Court Rules That Insured Claims Against an Insurer’s Adjuster May Be Possible

Court Rules That Insured Claims Against an Insurer’s Adjuster May Be Possible


A federal district judge has ruled that Pennsylvania law may permit an insured to sue an insurer’s employee-adjusters for negligence and violations of Pennsylvania’s Unfair Trade Practices and Consumer Protection Law (UTPCPL). Kennedy v. Allstate Prop. & Cas. Ins. Co., No. 2:15-cv-2221-TON, slip op. at *1 (E.D. Pa. July 8, 2015). While the opinion is careful to state only that such claims may be permitted rather than predicting that they will be permitted, it opens the door to expanded reach for bad faith and extra-contractual claims by insureds.

In Kennedy, the insured plaintiffs filed bad faith and related claims in Pennsylvania state court against their insurer and three of the insurer’s employee-adjusters, alleging that the adjusters improperly evaluated their UIM claims and engaged in intentional delay, misrepresentation and fraud in the course of processing, investigating and arbitrating their claims. The defendants removed to federal court on the theory that the individual defendants were fraudulently joined because there could be no claims against them individually. In considering the plaintiffs’ motion to remand, the court evaluated the complaint to determine if plaintiffs stated colorable claims against the employee-adjusters. The court noted that Pennsylvania law is silent on whether there is a cause of action for negligence against individual adjusters, but identified at least two state courts (New Hampshire and Alaska) that have "found that insurance adjusters owe a duty of ordinary care to conduct adequate investigations of an insured’s claims." Kennedy, slip op. at *5. The federal court ruled that this created the possibility that such claims could be viable.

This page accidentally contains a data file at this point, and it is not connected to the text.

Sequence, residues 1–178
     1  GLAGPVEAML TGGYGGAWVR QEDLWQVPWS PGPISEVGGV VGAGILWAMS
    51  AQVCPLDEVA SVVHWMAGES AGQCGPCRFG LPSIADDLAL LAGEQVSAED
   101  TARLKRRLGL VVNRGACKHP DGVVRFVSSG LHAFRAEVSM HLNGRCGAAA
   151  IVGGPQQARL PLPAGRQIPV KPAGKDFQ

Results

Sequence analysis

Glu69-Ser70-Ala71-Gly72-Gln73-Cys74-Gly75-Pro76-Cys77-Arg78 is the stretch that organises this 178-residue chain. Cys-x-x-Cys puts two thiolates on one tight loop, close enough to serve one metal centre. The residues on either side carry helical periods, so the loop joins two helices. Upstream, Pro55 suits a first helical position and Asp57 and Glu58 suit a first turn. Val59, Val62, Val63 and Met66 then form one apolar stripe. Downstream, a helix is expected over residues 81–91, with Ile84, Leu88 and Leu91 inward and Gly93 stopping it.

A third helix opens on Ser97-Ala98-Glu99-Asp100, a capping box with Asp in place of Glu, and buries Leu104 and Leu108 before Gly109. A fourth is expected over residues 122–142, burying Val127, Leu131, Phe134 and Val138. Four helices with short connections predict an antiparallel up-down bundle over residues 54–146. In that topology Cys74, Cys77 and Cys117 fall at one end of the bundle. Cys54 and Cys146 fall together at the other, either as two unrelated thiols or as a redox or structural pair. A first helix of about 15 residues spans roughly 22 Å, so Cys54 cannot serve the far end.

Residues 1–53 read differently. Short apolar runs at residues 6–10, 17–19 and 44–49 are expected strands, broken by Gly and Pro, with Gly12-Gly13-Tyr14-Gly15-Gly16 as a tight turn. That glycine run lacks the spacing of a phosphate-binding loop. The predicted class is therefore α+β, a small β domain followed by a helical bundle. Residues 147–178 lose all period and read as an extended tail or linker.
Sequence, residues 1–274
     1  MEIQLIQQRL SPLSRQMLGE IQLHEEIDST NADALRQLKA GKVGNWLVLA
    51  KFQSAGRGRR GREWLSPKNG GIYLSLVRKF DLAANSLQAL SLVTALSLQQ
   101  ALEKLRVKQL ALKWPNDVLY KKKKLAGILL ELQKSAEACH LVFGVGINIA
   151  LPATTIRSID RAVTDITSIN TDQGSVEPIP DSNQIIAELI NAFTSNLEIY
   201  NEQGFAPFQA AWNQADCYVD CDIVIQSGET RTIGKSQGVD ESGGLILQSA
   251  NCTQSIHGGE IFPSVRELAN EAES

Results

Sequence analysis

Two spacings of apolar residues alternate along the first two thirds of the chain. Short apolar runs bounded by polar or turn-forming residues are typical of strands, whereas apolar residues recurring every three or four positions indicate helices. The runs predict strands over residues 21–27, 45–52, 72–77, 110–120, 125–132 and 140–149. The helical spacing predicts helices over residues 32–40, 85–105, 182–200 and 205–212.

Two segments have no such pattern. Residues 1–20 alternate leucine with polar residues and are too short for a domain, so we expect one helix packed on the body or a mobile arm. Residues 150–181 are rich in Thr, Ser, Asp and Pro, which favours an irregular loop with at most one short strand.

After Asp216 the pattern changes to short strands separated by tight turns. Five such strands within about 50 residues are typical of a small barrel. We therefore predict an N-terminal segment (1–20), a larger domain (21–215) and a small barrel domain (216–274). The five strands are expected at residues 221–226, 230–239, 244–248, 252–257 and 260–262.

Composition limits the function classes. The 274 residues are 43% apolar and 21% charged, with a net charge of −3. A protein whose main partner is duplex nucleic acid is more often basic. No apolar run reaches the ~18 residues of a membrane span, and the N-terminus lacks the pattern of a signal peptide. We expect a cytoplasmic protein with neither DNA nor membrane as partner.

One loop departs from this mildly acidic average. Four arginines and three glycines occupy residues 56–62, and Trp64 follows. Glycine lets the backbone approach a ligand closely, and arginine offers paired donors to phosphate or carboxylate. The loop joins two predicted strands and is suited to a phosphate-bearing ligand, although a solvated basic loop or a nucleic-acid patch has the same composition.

The court stopped well short of endorsing negligence and UTPCPL claims by insureds against an insurer’s employees. To defeat the fraudulent joinder argument, the plaintiffs at this procedural juncture only had to clear the very low hurdle of demonstrating the possibility that a Pennsylvania state court might determine that they stated a claim against the individual defendants. As is apparent from this decision, they cleared it. The insurance industry can expect plaintiffs’ attorneys to next seek a favorable ruling, likely from a plaintiff-friendly state court forum, that such claims are permitted. Insurers should be on guard for such claims, and seek seasoned counsel to address these cutting edge claims as they arise.

For more information on this Client Alert, please contact the author or the attorney at the firm with whom you are regularly in contact.

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